I felt, therefore, that I had two redeeming qualities: I was smart, and I was a good athlete…that was my entirety of being. BUT My middle school years weren’t all dark and dreary, and it’s important that I’m able to look back and be able to see the happiness. I was fortunate to be a faculty brat, which is a slang term for a student who has a parent working at the school. This meant that I was on campus during the weekends, stayed late during the week, and knew practically every faculty member on campus. The small group of faculty brats on campus was the reason I look back on my middle school years and miss them. Out of that group of people, I made two friendships that will last my lifetime. Even though I was struggling with self-acceptance, I had a group of friends that had my back and often made me forget that I was struggling at all.
High School – Developing an ed
My dad got a new job, and we moved away from the community that I’d known for 10 years. I started a new high school, and for the first year, I felt as though nothing had changed. I love travel, change, and new things so surprisingly, the move wasn’t super hard for me. I still played three sports in school, and club soccer outside of school. I made friends fairly easily in high school, and I attribute that to two things: I’m fairly personable, and I went to a small, quaker school. My soccer career was getting more serious; I moved through teams, looking for one that would participate in college showcase tournaments. As I began to further my soccer career, my weight became more of an issue. I was reminded by coaches and fitness tests that in order to “go all the way” I would have to slim down and get faster. Although I cannot pinpoint the development of my ED to a single day, I can recognize a moment when my mindset was shaken enough for me to start acting of my pre-existing thoughts of how fat I was.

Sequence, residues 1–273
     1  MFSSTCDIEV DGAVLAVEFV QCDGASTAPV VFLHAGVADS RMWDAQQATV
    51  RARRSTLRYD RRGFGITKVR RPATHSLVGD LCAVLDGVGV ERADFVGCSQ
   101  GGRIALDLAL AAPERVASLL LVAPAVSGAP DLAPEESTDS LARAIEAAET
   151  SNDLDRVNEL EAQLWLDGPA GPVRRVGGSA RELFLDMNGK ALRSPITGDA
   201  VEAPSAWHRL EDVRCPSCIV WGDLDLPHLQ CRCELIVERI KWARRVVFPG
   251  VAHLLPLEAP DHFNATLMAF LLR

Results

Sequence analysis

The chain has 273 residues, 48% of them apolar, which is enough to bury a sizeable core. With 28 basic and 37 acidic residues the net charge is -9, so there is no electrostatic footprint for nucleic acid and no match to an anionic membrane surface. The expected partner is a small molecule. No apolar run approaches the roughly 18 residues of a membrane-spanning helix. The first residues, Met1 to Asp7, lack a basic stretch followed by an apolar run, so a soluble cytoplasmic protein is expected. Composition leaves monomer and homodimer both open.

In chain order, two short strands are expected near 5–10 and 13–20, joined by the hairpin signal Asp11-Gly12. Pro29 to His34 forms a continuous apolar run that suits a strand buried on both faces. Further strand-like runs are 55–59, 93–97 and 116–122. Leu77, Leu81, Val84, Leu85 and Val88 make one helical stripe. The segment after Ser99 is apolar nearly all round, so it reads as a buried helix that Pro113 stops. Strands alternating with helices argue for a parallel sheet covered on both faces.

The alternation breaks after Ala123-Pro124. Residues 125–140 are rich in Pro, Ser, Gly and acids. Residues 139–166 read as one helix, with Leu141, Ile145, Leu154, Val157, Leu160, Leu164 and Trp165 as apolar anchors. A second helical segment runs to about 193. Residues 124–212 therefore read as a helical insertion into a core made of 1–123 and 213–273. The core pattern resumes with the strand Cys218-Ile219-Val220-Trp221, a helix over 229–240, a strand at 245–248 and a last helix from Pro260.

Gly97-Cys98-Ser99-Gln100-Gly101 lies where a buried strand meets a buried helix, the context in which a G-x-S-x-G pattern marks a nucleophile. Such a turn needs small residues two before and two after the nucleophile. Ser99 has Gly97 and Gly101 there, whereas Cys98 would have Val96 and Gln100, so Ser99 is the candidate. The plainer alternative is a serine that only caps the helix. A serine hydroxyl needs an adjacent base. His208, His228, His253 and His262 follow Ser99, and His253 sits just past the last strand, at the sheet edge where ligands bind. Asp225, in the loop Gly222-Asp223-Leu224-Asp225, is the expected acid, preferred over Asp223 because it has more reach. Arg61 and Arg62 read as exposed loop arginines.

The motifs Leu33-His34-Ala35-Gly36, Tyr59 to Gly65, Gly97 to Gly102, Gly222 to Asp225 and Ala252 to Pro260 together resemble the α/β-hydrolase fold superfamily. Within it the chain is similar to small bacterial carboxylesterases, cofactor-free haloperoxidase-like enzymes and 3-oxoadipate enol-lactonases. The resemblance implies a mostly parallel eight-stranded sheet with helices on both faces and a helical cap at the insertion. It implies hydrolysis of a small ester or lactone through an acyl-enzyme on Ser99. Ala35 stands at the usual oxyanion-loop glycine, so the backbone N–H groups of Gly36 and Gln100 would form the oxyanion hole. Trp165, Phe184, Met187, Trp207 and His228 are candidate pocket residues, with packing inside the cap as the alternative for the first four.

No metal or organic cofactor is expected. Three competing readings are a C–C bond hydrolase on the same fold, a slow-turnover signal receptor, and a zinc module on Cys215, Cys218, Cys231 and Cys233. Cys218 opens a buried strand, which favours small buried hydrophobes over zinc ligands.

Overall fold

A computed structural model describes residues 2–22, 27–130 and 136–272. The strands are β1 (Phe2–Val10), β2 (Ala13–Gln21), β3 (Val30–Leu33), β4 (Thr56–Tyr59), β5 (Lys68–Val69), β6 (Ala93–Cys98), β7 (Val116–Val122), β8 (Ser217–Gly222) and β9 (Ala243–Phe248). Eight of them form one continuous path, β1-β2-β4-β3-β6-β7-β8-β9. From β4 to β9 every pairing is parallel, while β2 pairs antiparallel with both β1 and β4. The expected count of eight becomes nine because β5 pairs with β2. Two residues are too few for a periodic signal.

I was at soccer practice one night, and we were doing a suicide test (look it up – it sucks). I remember being the last one to finish it, and the assistant coach looked at my head coach and shook his head as I passed by. Now, perhaps the nod had nothing to do with me, but somehow I knew it did. My dad picked me up from practice that night, and as we were driving home, I became incredibly angry. Through a curtain of tears, I was screaming at my dad that I was sick of my body and I hated the looks I got, and the fact that I wasn’t good enough. I remember this moment explicitly because of the full-bodied and overwhelming feeling of anger. It was different from the times when I sat and cried about my body, thinking poor me, poor Abby. This time, I didn’t feel sorry for myself, I was angry at myself and angry at everyone who I thought was calling me fat behind my back. But I quickly realized that I was in control of my body, and I could do whatever I wanted to it.
“If they were going to laugh at me for being fat, I would show them that I could be skinny”